Throughout my entire high school and college “career”, I read one book. “Of Mice and Men“, the only book that I had every truly read from start to finish until I was forced to educate myself. I’m as stubborn as a mule. I didn’t read much when I was younger because I never saw how reading was going to help me be successful. I never saw the correlation.
I also didn’t enjoy the books that were being force-fed to me. Since then, I’ve gone back and read many of the books I failed to open as ateenager. And many more on top of that.
When I dropped out of college and got a job in sales, I began educating myself on sales. I began reading. Books on sales led me to books on business which led me to books on entrepreneurialism, then to self-help, biographies, and finally back to fiction. I’ll read anything worthwhile reading. If I didn’t enjoy reading, I wouldn’t have a successful business in any sense of the word.
Reading is not only something that every man should do, but something that every man should love. C.S. Lewis said, We read to know we are not alone. Books connect generations. The living and the dead. They give us knowledge and understanding that even experience might not be able to give us, as we don’t have the wisdom to recognize the lesson when we’re in its midst.
“Every man who knows how to read has it in his power to magnify himself, to multiply the ways in which he exists, to make his life full, significant and interesting.” Aldous Huxley
I’ve read many of the following books multiple times. They’ve left their imprint on me. They’ve forced me to look in the mirror. To man the fuck up. To work harder, live more passionately, with more imagination and testicular fortitude. Books have made me a better person, a stronger person, and a better man.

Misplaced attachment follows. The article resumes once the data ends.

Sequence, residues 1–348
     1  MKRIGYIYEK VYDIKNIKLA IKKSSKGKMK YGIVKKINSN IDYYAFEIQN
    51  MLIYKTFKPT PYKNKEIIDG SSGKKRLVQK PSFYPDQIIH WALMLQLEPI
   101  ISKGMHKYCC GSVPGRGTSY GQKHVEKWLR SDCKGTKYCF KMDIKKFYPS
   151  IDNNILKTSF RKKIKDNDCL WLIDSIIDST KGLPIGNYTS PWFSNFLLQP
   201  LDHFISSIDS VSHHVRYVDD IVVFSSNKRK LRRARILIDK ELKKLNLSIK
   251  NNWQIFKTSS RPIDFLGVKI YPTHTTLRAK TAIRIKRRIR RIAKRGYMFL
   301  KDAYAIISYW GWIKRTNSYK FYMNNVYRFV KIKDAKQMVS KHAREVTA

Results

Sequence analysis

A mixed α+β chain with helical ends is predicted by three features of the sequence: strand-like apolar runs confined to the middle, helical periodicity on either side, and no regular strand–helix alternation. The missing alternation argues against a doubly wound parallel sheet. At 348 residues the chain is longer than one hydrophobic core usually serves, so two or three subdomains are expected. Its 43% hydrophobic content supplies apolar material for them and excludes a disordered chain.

Let these books have that same effect.
The first Pressfield work I ever witnessed was, The Legend of Bagger Vance. I didn’t know he wrote it, but I loved the movie. Then, about a year ago, I someone recommended I read Turning Pro. Life changed.
I didn’t realize how much of an amateur I was – and still am. I thought I worked hard. I figured I was disciplined enough. I felt that I gave my craft the respect it deserves. In my mind I was persistent. Then I read Turning Pro, The War of Art, Do the Work, and The Warrior Ethos.
I realized that I wasn’t alone in my quest to accomplish something great. I wasn’t the only one working hard but not accomplishing all I wanted to accomplish. The books shawn light on the distractions I allowed to take me away from my work. They introduced me to The Resistance, showed me what a real warrior is, and helped me to simply, do the work.
Pressfield has become my favorite author. Any human who possesses even an ounce of ambition, needs to read these four books. Anyone working hard, but complaining that greatness is yet to show itself in their life, needs these books. I’ve read Turning Pro 3 times this year. I’ll surely read it a fourth. It’s epically simple, but profound. Thank-you Mr. Pressfield.
The War of Art
The Warrior Ethos
Do the Work
Ambition, I have come to believe, is the most primal and sacred fundament of our being. To feel ambition and to act upon it is to embrace the unique calling of our souls. Not to act upon that ambition is to turn our backs on ourselves and on the reason for our existence. ~ Steven Pressfield, Turning Pro
Think and Grow Rich, Hill’s most famous book, changed the way I thought, but also altered my view of what’s possible. Negative thoughts have no place in a successful person’s mind. Our thoughts show us where we are going to be.